Welcome to the 162nd weekly edition of...
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YOURS: This portion is in progress. Thanks for your patience. :)
MINE: Homemaking isn't just cleaning and cooking. It's chauffeuring, party-planning, tutoring, playing therapist, nurse, and sometimes, like this week, emergency medical technician...
As I read advice over the internet, I find conflicting reports about how to care for a severed digit if you are planning on taking it to the hospital, along with the victim, to be reattached. Thus, this anecdote should not be used for medical advice, just entertainment. You should talk to someone who knows what they are doing if you really want to know what to do with a severed digit.
Anyways..... The 4 five and under, myself, my dear friend, and two of her kids were sitting outside, enjoying the warmth and a little bit of free time before it was time to start lunch. The kids weren't getting along so well, though, so after becoming weary of the continuous fighting and whining, I told the 5-year-old boy and Twin B that they needed to go inside and stay there for a while until they could get along. They went inside and I turned back to my friend to continue our conversation. Soon, however, I could hear them starting to argue again, then I heard the slamming of the wrought iron screen door, then a shriek, then saw my friend look over my shoulder, eyes wide, and heard her say, "Oh, no."
I turned towards the door and saw the 5-year-old boy crying, no, wailing, and holding his finger, which was dripping blood. I ran over to him, grabbed his good hand, and pulled him toward the sink to administer first aid. My friend stayed outside with the other kids.
Upon putting his finger under running water, I was shocked to see how damaged it was. After rinsing for a few seconds, I quickly wrapped it in a clean rag, then I froze and thought for a second. I didn't remember seeing any nail, and the finger seemed shorter than it should have been. It then hit me, like a lead brick, that a part of his finger was missing, and that I would need to go find it.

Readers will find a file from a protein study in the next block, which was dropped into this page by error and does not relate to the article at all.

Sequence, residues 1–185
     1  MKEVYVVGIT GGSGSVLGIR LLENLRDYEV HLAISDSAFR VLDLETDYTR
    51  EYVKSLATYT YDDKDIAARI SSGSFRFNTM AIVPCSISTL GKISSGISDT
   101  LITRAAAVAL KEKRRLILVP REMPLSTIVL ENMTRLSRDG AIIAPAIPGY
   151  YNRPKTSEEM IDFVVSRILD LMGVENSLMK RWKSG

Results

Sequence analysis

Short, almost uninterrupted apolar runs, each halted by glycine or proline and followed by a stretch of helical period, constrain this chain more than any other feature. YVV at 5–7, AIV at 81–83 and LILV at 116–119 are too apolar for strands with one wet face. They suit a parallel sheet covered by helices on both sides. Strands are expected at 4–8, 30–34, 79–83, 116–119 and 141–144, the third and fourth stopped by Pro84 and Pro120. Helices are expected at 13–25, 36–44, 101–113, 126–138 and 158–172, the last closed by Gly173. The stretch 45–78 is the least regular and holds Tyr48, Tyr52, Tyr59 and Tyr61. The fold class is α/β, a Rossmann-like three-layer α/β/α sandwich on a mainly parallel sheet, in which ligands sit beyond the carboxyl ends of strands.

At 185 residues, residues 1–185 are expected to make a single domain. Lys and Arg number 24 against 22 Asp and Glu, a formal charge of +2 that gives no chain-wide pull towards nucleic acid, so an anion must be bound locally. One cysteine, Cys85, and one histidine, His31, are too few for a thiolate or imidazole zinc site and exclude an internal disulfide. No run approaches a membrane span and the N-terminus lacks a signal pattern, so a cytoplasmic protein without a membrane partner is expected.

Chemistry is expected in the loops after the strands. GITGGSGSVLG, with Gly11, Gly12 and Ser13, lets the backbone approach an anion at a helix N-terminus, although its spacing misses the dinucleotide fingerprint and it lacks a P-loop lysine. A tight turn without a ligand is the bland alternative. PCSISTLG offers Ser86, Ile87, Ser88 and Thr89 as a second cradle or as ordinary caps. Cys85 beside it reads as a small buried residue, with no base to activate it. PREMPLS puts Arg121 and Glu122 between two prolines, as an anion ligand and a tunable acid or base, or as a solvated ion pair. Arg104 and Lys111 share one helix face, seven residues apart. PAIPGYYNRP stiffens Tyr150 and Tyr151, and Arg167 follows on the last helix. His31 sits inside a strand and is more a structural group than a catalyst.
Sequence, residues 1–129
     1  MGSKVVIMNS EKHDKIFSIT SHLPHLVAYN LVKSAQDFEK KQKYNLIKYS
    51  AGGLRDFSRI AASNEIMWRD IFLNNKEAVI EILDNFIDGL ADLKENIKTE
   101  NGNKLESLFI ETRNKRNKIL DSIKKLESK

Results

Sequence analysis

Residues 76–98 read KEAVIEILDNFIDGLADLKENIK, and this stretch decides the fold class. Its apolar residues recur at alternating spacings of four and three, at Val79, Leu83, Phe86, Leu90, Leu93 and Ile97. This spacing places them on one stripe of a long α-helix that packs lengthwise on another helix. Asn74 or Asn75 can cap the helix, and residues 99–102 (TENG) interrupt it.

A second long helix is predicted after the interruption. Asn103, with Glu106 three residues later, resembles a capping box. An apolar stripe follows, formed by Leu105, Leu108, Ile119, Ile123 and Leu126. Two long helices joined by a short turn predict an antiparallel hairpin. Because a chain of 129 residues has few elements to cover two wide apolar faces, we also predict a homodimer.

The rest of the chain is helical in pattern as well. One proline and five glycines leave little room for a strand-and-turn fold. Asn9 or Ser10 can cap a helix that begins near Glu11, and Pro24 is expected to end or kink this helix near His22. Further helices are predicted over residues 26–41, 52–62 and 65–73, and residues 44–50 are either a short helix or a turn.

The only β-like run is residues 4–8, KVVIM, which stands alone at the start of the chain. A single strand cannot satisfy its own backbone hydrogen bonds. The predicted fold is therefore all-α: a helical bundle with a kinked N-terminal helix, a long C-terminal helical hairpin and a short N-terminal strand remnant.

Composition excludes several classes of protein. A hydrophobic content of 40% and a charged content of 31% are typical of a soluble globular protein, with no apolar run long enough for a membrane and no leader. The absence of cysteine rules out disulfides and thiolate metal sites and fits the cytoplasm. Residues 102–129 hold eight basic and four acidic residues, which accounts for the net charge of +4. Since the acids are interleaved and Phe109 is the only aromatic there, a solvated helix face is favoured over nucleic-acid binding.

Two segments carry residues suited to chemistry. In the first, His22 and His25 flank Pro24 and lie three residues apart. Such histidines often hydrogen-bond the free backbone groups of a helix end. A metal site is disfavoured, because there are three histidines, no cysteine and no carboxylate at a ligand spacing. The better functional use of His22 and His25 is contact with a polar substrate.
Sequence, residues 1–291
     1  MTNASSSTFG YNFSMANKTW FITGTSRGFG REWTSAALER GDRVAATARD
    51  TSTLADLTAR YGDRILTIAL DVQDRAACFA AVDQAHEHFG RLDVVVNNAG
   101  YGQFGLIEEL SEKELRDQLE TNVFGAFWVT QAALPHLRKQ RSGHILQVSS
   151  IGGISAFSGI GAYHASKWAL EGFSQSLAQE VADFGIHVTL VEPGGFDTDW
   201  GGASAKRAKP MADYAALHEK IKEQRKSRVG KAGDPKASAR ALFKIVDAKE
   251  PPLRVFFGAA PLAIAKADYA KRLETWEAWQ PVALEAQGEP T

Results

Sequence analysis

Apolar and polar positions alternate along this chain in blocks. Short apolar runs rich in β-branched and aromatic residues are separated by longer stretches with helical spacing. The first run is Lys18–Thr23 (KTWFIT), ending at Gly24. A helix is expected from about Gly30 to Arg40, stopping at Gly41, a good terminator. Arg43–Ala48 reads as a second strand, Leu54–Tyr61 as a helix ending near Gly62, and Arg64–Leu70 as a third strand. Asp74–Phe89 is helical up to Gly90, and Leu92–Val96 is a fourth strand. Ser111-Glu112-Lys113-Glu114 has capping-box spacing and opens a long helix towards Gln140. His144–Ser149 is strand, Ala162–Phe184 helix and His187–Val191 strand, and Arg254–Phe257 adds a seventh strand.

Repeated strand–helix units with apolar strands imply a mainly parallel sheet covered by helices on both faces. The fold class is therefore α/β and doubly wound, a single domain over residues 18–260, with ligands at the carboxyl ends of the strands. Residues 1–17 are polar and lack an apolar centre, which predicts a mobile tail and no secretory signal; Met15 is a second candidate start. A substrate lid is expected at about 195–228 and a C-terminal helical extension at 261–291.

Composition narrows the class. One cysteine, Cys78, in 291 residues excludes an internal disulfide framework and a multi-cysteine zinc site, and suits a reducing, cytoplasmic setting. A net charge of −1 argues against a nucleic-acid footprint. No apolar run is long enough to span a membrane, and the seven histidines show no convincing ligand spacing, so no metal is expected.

My first instinct was to simply pick him up and sit him on the island, next to where I had retrieved the clean rag, and to tell him to wait while I went to look for something. He obediently stayed. I then went back to the door and got on my hands and knees and began looking for a piece of finger. It was difficult, however, because there were a lot of wood chips and dry leaves the color of skin and I kept picking up things that weren't a finger portion. My friend soon saw me on my hands and knees and asked what I was doing. I told her that I thought part of the 5-year-old's finger came off and I was looking for it. She got down and started helping me. No sooner did she began, than I glanced over to the bottom of the door, and attached to it, by a thin line of blood, was what I was looking for. I pulled it off the door and put it in my hand, and when I looked at it, I gasped and nearly threw up because it was the entire top portion of the 5-year-old's finger, from about 1/4 inch below the base of his nail, cut off at about a 45-degree angle. I think what got to me the most was the fact that his little fingernail was dirty, just like it always was when it was attached to his body. I was holding a portion of my son's body in my hand, a part so familiar, and natural when it was attached, but so horrifying when dismembered! I let out a curse word, which I'm not proud of (I guess too many PG-13 movies), then I ran back to the kitchen, and I don't know if I got the 5-year-old boy off the island or put his severed finger portion in a bag of ice water first, but somehow, at some point, the 5-year-old boy ended up on the couch, with his severed finger in a Ziploc bag. I then called the local doctor to see if he was working in town, but there was no answer, so I told my friend I was going to have to go to the big town. Without hesitation she said that she would stay with the little kids and take care of lunch for my big kids.